Journalists tell us how to write the perfect press release

PRmoment.com gives some top tips for getting on the right side of journos, from journos. 

1. Work out what the news story is

Joe Fernandez, assistant editor at Pitch says that the worst press releases are the ones that provide you with just snippets of information, but have no actual context behind the words. He explains: “It's almost as if the writers assume the journalist will just copy and paste without editing or wondering how to make the release news.“

2. Include a picture

Another criticism Fernandez has is that PROs sometimes fail to include images for time-sensitive releases, as he says that having a picture easily accessible is always useful.

3. Find the most interesting angle, or a journalist may find one you don’t like

Freelance journalist Mark Gordon Palmer says the first question he asks himself after seeing a press release is whether the story is worth repeating. He then considers which angle to pursue: “If the story is worth writing about, but the press release itself rather dull, then it’s a journalist’s job to mould it accordingly and be extra creative in order to drain every last drop of interest out of it. This could be a danger though, for those sending you the press release, as the journalist could take a view that deviates too far from what the press release was trying to say.”

4. But don’t be too creative

Gordon Palmer believes that if a press release is too creative, there is less room left for the writer to add their own stamp: “This tempts journalists to just write up the press release nearly word for word; and most writers with a creative conscience will be put off by that idea.”

Louise Jack, assistant editor at Pitch, says that she likes press releases which are simple and stick to the facts rather than try to build a story themselves, “unless they have done that specifically for my publication, then it’s easier if PROs just tell me the basics and I'll decide what the story is, thanks.”

5. Don’t give up just because you have had no response

Journalists get inundated with press releases, and this means that most of these will get ignored and rarely acknowledged. However, it does not follow that a journalist is never going to respond. Gordon Palmer admits that he often deletes press releases without opening them, because he knows they are not about a topic that interests him, but he claims that this is his problem, not the PRO‘s: “Although I may sometimes ignore press releases from a certain source, they are still worth signing up to, because one day they could be worth it. So if anyone wishes to send me more press releases than I already receive, my inbox is always open.”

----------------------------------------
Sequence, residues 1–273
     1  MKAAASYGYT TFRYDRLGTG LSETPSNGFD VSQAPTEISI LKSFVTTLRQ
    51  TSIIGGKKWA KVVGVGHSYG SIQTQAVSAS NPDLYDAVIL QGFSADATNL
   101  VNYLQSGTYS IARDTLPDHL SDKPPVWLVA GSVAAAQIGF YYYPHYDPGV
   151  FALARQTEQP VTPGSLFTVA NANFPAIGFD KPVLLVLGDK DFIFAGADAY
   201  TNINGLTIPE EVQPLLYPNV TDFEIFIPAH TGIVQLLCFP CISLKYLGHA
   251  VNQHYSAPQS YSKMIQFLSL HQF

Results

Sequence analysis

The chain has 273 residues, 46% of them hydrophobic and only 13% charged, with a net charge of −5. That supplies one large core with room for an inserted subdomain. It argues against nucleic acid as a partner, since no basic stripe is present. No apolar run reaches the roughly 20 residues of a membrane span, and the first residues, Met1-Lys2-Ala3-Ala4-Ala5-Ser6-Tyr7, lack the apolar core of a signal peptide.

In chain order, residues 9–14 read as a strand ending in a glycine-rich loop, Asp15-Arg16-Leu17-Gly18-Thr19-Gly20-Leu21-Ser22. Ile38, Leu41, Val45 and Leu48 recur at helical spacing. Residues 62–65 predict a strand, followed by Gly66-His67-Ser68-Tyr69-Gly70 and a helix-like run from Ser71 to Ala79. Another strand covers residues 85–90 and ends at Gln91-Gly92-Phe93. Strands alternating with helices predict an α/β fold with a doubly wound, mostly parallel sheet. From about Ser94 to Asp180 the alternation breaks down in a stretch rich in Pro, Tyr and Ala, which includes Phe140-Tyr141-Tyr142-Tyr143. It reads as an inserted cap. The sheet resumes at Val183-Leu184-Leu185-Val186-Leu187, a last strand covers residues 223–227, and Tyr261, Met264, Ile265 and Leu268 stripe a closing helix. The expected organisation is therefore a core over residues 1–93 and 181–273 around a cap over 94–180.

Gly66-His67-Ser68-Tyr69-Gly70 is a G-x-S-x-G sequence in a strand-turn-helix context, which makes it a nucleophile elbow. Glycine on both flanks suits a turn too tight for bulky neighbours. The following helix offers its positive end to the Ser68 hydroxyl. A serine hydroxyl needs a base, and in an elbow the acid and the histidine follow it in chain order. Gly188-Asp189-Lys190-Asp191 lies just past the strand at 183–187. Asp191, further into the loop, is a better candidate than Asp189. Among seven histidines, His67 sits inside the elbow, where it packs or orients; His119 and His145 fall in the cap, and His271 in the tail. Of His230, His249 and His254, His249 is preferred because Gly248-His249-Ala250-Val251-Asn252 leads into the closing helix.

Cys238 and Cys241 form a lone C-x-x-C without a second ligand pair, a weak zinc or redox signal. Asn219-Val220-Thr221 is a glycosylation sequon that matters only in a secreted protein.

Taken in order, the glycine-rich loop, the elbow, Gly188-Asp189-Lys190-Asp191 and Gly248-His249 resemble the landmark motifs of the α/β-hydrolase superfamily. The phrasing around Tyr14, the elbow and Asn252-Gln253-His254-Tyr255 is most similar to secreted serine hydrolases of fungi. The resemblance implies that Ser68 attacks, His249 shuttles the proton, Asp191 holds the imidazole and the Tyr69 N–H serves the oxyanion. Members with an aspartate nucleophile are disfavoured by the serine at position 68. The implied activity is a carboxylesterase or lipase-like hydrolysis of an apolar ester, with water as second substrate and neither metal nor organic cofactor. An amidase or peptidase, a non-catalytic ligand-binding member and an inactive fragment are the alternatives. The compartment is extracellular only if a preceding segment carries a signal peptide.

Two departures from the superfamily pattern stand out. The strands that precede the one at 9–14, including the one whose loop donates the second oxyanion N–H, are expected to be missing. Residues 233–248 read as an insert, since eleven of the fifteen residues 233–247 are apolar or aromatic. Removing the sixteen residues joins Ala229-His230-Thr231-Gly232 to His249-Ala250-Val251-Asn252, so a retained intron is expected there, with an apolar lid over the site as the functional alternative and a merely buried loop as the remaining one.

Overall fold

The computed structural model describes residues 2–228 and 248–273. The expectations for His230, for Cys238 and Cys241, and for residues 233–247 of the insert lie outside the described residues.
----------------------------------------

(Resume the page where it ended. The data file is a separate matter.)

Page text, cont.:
Pitch’s Jack agrees that press releases are useful, and that it is unfair of journalists to rubbish them, when they rely on them: “There are only so many investigative journalism jobs about and in the absence of that possibility, we count on PROs to help us keep up with the voracious demand for content, content, content. Press releases? I am for them.”

Soundbites

PROs offer their tips for getting into the press:

Alan O'Sullivan, account director at PR firm Fleishman-Hillard:

“Top publications do use information from press releases, but usually only in three cases:

1. If it is a new product launch and the product is actually good

2. If it contains a new, wide-ranging study

3. If there is a good quote on a topical subject the journalist was writing about anyway, in which case they take out the quote.”

Rich Leigh, account director, at PR agency 10 Yetis:

“Topical releases, with survey-led responses can, and do, regularly make lead news stories, it’s just a case of realising which outlets are most likely to be receptive to releases. The likes of The Sun, The Daily Mail and Heat tend to be very open to receiving celebrity-focused stories, while papers such as The Guardian and The Telegraph prefer tech stories, or public responses to political issues.”

Lois McCloud, account manager at PR agency Cirkle:

"If you want to get a particular message across, picking up the phone is always the best way to do it. Tone of voice conveys so much and if you can get excited about a story, you have a much better chance of stirring the journalists interest and securing coverage. With the national press in particular, selling in an exclusive over the phone is absolutely crucial.”

And if none of these top tips or advice work, maybe you are best adviced to just get new job!

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